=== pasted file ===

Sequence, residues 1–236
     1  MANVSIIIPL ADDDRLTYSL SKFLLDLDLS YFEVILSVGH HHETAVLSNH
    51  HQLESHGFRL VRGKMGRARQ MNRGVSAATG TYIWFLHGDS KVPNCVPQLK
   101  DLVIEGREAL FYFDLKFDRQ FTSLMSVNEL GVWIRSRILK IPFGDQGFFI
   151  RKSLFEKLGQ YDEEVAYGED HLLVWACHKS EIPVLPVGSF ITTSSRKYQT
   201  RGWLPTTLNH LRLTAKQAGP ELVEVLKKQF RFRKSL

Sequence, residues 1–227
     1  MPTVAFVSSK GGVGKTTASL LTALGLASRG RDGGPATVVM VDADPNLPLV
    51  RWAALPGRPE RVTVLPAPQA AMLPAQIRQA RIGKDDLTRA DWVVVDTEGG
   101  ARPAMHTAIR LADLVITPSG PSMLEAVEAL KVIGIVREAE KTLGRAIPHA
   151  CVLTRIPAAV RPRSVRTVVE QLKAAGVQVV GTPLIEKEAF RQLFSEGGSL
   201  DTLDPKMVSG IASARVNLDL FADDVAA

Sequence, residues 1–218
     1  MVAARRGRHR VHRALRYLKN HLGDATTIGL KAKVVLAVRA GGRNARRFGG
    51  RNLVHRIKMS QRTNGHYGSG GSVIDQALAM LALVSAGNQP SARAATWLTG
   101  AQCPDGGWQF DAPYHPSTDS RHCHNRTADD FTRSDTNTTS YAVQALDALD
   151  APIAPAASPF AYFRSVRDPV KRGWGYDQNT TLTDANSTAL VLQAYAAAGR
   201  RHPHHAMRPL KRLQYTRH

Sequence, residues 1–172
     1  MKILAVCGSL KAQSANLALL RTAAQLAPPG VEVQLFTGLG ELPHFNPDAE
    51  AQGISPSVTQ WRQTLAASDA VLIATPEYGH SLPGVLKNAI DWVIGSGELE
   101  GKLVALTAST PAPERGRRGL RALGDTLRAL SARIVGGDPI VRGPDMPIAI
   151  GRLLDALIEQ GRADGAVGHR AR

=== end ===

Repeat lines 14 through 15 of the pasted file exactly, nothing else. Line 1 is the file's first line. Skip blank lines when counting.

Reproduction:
     1  MVAARRGRHR VHRALRYLKN HLGDATTIGL KAKVVLAVRA GGRNARRFGG
    51  RNLVHRIKMS QRTNGHYGSG GSVIDQALAM LALVSAGNQP SARAATWLTG